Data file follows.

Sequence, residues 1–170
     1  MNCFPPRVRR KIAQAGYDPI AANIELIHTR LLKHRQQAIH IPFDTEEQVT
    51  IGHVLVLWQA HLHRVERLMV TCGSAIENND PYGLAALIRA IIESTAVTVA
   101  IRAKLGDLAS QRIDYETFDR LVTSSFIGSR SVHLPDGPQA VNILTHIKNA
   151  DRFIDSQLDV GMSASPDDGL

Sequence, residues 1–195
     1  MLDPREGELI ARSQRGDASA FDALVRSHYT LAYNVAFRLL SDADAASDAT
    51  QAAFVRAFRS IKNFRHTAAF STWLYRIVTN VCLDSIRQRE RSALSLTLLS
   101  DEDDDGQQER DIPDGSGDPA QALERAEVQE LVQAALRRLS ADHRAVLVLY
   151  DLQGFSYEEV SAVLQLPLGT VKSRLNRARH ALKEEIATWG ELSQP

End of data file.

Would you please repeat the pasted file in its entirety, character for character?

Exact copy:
Sequence, residues 1–170
     1  MNCFPPRVRR KIAQAGYDPI AANIELIHTR LLKHRQQAIH IPFDTEEQVT
    51  IGHVLVLWQA HLHRVERLMV TCGSAIENND PYGLAALIRA IIESTAVTVA
   101  IRAKLGDLAS QRIDYETFDR LVTSSFIGSR SVHLPDGPQA VNILTHIKNA
   151  DRFIDSQLDV GMSASPDDGL

Sequence, residues 1–195
     1  MLDPREGELI ARSQRGDASA FDALVRSHYT LAYNVAFRLL SDADAASDAT
    51  QAAFVRAFRS IKNFRHTAAF STWLYRIVTN VCLDSIRQRE RSALSLTLLS
   101  DEDDDGQQER DIPDGSGDPA QALERAEVQE LVQAALRRLS ADHRAVLVLY
   151  DLQGFSYEEV SAVLQLPLGT VKSRLNRARH ALKEEIATWG ELSQP